Take as the analogy the art market, specifically painting. Painters are, if they’re successful (but even the promising debutants) represented by galleries, who market them, talk about them. They create excitement about them. They place them with prestigious clients. They manufacture artists’ reputations, and artists like Murakami and Hirst and so on, sell by their brands.
But ultimately the paintings stand on their own. Perfumes must as well.
The perfume brands are merely acting as the gallerist representatives. In many cases the representation is necessary to present the work correctly to the maximum number of potential clients . We switch here from the painting-perfume analogy (given that with paintings there are usually either one or a limited series) to film-perfume analogy, as both are made in hundreds to millions of copies, and the representation of the works needs to apply to the nature of the artistic medium.
I think in both films and works of olfactory art the representation frequently obscures if not hurts the work. But there’s no perfect system.
‘Celebrity fragrances’ seem to be the opposite of the anonymity of the ‘Untitled Series’: perfumes that exist by dint of association with the famous. Yet, as you point out in ‘The Perfect Scent’ this needn’t lead to an awful fragrance. In the book, Sarah Jessica Parker’s commitment to creating ‘Lovely’ is made absolutely apparent. Is it this involvement that’s the secret to getting a ‘celebuscent’ right?
In my experience the answer could be getting the participation of the celebrity, but only if the celebrity has good taste. Big if.
The other variables are getting a talented artist, giving them sufficient money to create something great, and having a creative director with vision, talent, and patience.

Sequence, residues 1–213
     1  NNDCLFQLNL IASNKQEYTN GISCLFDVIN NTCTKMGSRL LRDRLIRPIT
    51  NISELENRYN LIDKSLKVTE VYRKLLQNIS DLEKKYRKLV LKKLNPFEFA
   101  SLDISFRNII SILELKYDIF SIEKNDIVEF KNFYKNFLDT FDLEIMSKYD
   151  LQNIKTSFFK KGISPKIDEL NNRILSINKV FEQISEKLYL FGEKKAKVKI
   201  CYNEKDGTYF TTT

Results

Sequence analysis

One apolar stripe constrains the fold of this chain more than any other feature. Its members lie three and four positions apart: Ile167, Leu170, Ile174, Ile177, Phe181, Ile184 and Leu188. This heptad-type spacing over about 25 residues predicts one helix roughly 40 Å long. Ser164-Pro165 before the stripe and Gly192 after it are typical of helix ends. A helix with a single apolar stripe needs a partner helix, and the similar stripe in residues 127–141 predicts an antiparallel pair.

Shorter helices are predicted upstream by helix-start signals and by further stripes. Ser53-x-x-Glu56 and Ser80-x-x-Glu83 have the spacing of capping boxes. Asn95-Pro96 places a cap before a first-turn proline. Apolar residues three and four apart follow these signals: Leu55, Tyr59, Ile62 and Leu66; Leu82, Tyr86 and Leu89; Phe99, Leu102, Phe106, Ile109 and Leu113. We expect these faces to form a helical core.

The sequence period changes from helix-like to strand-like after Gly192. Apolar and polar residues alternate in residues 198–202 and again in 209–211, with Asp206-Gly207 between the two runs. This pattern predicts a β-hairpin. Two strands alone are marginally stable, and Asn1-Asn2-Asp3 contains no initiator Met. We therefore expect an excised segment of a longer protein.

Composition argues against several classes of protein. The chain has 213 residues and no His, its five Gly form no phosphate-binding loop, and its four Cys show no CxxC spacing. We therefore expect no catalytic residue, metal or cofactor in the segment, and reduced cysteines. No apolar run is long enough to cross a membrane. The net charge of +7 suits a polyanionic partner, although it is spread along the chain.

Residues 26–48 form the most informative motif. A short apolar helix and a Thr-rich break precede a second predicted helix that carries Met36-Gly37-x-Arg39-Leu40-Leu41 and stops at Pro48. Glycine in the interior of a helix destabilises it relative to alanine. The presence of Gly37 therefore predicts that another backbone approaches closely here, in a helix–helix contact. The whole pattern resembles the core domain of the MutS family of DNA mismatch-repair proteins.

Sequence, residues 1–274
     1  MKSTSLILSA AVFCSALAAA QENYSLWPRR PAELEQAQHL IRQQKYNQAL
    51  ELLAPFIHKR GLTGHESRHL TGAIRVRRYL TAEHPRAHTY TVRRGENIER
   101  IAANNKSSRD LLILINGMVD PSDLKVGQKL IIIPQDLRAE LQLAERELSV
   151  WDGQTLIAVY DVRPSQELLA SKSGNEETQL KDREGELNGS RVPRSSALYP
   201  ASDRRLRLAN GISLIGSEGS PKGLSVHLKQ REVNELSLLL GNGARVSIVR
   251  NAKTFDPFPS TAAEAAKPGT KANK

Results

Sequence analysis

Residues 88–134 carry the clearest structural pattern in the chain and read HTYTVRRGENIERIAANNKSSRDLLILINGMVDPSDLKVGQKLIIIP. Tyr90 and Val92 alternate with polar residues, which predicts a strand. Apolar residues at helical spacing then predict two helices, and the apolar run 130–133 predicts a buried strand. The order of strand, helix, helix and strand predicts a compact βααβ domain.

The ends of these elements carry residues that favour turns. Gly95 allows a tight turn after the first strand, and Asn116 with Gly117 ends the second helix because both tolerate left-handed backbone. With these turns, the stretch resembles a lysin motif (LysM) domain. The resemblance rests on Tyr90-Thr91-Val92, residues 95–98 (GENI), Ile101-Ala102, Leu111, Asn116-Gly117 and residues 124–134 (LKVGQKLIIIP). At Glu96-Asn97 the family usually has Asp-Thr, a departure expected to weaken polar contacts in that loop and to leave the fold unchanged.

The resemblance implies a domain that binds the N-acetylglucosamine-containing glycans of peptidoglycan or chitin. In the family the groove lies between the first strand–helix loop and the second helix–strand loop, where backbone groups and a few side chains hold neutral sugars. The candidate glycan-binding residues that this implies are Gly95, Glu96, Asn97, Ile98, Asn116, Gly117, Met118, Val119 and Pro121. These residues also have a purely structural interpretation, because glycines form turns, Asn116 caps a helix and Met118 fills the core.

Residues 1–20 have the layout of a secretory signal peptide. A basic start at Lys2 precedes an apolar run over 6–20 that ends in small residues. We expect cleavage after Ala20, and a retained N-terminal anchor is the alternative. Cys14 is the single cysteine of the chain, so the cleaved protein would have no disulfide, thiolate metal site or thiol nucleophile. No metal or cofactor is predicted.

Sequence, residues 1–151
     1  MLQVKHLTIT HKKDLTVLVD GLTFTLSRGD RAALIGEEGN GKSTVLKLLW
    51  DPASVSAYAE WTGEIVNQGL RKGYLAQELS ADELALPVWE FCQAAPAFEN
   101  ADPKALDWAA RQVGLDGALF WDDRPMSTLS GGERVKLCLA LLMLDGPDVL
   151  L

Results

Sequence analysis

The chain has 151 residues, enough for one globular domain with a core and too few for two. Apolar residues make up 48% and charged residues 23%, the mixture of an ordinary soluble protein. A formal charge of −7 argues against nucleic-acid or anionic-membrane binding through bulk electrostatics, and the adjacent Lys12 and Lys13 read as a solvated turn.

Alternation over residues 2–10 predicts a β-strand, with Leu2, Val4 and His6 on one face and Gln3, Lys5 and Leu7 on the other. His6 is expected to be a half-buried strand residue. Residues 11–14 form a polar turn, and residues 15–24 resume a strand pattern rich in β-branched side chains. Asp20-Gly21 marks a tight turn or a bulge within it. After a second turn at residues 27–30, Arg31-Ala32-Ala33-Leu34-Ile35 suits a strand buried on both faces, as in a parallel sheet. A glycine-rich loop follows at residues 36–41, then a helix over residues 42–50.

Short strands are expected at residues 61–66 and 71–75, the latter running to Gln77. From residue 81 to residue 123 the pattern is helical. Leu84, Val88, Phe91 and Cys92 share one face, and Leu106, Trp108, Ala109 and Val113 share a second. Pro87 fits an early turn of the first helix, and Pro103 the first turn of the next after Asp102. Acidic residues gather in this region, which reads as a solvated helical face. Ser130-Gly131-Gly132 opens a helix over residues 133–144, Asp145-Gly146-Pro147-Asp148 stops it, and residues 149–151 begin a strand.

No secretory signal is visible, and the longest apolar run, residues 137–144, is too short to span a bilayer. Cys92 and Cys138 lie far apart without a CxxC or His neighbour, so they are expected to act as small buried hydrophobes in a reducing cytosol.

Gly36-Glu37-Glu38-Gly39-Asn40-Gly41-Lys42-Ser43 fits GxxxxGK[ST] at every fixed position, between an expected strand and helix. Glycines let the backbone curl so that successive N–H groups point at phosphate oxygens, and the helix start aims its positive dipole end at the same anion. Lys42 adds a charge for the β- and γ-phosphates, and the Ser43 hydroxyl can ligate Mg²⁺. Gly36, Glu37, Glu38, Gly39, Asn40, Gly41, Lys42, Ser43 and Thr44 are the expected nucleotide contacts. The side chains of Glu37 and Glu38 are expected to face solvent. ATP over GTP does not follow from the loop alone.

With these three you can take the celebrity out of the equation completely. And even with the celebrity you probably need them.
And there are other variables: for example the celebrity having an agent smart and tenacious enough to sell their client’s license to a serious licensee that’s truly invested in creating something great for them.
Even with all this, everything can go wrong at any point.
Oh, I forgot: you need the marketers to represent the scent correctly…
Interviewed on Scents Memory, you set out your view that ‘olfactory appreciation’ should be a mainstream subject, like musicology or art history. I wondered if you’d ever given thought to what a course might look like… would it be chronological, chart out the major movements or concentrate on the ‘canonical artists’ perhaps?
I’ve in fact given those future courses a lot of thought, in part because I love to teach.
I was an English teacher for 10-12 year olds in rural Japan for a year and fell in love with them, which is what led to my (finally) adopting two boys from Colombia in late 2011.
The courses will be fascinating. I love courses in art, both the visual arts and music, and courses in scent would be extraordinarily interesting.
You’ve named the two fundamental intellectual and aesthetic structures of art history classes, or rather the one structure, as I think they are two sides of the same approach: chronological via the major stylistic movements and study of the canonical artists.